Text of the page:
If you need hard proof that North Carolina is in the Sun Belt, take a look at numbers released this year by the solar energy industry’s trade association: North Carolina ranks No. 3 in the United States for solar power capacity installed in 2013.

That strong growth is likely to continue, according to Duke Energy, as the company is making a big push to develop its solar energy network.

Duke Energy said on Dec. 19 that it has acquired a solar energy project in Rocky Mount to add to its rapidly growing network of solar panel farms.

In September, the utility said it will buy power from five other plants in the state and has signed 33 contracts to buy power from smaller solar generators.

Duke Energy said that it plans to spend $500 million to build power generation farms or buy power from solar producers in the coming years.

Duke Energy is also ready to build three sites in Bladen, Duplin and Wilson counties after receiving state approval in early December.

At 65 megawatts, the Duplin plant will be the largest solar generator east of the Mississippi River.

The expansions will add 278 megawatts of power capacity to Duke Energy’s system — a fraction of the company’s 22,000 megawatts generated in the Carolinas — but a step toward the state’s requirement that the company earn 12.5 percent of its sales from renewable energy or efficiency by 2021, according to a new report by the Pew Charitable Trusts.

What’s a megawatt?

A common illustration is that a megawatt is the amount of continuous power it takes to power a number of homes for a year.

Weather and other issues can affect that number, but for North Carolina, a megawatt can power 95 homes continuously for a year, according to the Solar Energy Industries Association.

That association ranks states based on the amount of solar megawatt capacity installed in 2013. North Carolina comes in third, behind California at No. 1 and Arizona at No. 2.

North Carolina’s new solar energy of 334 megawatts can power 31,809 homes, the group said.

Of course, being far sunnier, California’s new installations of 2,745 megawatts can power 608,000 homes.

An October report by the Pew Charitable Trusts applauded North Carolina’s aggressive policies that encourage solar power.

The report said that in 2007, North Carolina became the Southeast’s first state to adopt a renewable energy standard for power companies.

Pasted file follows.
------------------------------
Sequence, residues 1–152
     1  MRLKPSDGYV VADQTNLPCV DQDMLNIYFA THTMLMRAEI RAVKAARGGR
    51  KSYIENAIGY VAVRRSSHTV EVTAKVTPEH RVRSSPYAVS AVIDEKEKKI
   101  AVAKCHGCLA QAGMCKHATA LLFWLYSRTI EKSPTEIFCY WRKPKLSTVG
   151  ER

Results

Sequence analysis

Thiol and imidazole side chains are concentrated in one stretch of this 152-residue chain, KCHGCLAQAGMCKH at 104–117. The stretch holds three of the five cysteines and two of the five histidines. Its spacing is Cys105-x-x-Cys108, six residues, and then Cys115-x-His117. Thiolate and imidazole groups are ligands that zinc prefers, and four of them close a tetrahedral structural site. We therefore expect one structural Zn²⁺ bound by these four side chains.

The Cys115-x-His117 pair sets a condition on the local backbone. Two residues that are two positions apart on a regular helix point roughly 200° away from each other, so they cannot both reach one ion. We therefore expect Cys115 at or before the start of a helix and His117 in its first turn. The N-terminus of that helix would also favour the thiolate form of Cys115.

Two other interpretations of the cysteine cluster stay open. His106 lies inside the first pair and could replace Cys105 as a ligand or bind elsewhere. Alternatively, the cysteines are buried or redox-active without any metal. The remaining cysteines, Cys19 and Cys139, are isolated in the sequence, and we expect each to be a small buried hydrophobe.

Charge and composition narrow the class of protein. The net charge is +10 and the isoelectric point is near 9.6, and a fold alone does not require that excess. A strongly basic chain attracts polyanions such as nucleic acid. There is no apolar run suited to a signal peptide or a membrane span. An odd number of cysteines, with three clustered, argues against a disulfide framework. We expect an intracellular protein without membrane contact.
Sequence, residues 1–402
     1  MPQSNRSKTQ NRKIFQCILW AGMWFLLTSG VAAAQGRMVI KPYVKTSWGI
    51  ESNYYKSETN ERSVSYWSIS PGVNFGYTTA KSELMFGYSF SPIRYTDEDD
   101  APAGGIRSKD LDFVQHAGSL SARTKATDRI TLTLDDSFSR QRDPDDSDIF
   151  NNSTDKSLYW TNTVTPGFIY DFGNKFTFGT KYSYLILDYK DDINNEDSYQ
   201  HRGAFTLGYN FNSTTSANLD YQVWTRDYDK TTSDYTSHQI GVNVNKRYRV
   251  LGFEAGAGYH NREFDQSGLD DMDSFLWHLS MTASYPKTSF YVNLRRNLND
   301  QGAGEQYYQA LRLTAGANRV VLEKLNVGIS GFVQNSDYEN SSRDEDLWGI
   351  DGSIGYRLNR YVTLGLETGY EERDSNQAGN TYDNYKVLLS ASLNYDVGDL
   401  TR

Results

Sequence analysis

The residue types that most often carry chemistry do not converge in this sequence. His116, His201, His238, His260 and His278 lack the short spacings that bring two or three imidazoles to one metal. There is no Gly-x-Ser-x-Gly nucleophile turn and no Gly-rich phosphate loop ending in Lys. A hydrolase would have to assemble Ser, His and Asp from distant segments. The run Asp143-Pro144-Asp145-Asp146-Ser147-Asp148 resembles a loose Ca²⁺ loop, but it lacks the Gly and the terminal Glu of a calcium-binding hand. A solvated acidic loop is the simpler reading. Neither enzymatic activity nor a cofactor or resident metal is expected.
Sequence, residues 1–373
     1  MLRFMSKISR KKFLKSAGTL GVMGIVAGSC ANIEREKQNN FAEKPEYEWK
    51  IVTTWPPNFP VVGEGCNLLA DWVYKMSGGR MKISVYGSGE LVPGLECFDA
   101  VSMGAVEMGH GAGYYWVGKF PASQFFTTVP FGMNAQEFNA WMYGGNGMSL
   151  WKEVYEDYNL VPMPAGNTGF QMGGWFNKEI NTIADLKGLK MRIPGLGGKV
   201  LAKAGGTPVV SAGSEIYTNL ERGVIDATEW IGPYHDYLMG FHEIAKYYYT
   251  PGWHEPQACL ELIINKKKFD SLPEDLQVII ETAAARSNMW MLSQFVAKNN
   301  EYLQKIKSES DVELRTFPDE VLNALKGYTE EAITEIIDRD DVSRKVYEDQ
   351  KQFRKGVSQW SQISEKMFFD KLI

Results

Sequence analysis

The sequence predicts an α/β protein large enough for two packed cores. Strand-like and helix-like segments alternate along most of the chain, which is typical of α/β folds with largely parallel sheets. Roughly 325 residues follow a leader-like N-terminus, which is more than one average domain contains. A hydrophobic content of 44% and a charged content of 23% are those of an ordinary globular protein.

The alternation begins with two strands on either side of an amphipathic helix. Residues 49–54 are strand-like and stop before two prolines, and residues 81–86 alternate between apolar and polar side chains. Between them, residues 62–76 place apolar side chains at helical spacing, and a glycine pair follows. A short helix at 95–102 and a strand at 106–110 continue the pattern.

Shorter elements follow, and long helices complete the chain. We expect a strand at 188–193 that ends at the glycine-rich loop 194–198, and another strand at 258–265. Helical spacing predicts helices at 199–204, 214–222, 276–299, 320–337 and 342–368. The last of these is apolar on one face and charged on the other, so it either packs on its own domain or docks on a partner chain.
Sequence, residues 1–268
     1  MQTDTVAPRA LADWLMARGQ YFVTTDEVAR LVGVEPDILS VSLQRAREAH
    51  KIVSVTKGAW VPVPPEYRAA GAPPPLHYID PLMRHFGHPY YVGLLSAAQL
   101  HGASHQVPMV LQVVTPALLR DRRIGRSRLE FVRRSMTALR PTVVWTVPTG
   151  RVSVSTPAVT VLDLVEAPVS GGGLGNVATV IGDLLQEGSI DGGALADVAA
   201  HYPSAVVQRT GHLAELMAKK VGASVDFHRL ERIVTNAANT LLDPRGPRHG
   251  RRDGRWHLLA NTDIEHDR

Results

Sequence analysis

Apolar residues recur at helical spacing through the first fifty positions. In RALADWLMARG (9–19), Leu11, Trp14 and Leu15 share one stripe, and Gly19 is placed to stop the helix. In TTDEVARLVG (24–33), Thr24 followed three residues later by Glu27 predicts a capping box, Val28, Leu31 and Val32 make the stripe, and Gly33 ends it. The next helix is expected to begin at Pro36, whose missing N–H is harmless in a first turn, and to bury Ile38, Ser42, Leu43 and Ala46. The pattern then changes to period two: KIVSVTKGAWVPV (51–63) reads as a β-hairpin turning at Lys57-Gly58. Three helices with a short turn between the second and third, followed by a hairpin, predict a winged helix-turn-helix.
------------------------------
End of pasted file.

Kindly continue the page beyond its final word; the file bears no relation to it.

Solar and other renewable energy sources have helped the state’s economy, Pew reported.

“North Carolina’s clean energy policies support the growth of new industries,” the report said. “Statewide, private investment in clean energy totaled $2.6 billion from 2009 to 2013 and will generate an additional $8.1 billion over the next decade, according to Navigant Research.”

Pew reported that individuals and utilities in North Carolina will spend a projected $1.6 billion installing solar energy in 2014, and $1.7 billion in 2015.

The Triad has been a player in the solar business since 2008, when Missouri-based SunEdison announced that it would build a 16 megawatt solar farm in southern Davidson County — the largest solar farm in the nation at the time.

It sells the power to Duke Energy as well.

More corporate solar energy is coming to the Triad.

Chapel Hill-based Strata Solar already operates a 40-acre solar system in Rockingham County and is planning operations in Forsyth and Yadkin counties. Its solar panels went up in 2013 at the Pelham site, and Strata has millions of dollars ready to invest across the state.

Rows of blue panels there and on thousands of acres elsewhere are ready to soak up the sun from the Carolina sky.


Contact Richard M. Barron at (336) 373-7371 and follow @BarronBizNR on Twitter.

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Contact Richard M. Barron at (336) 373-7371, and follow @BarronBizNR on Twitter.

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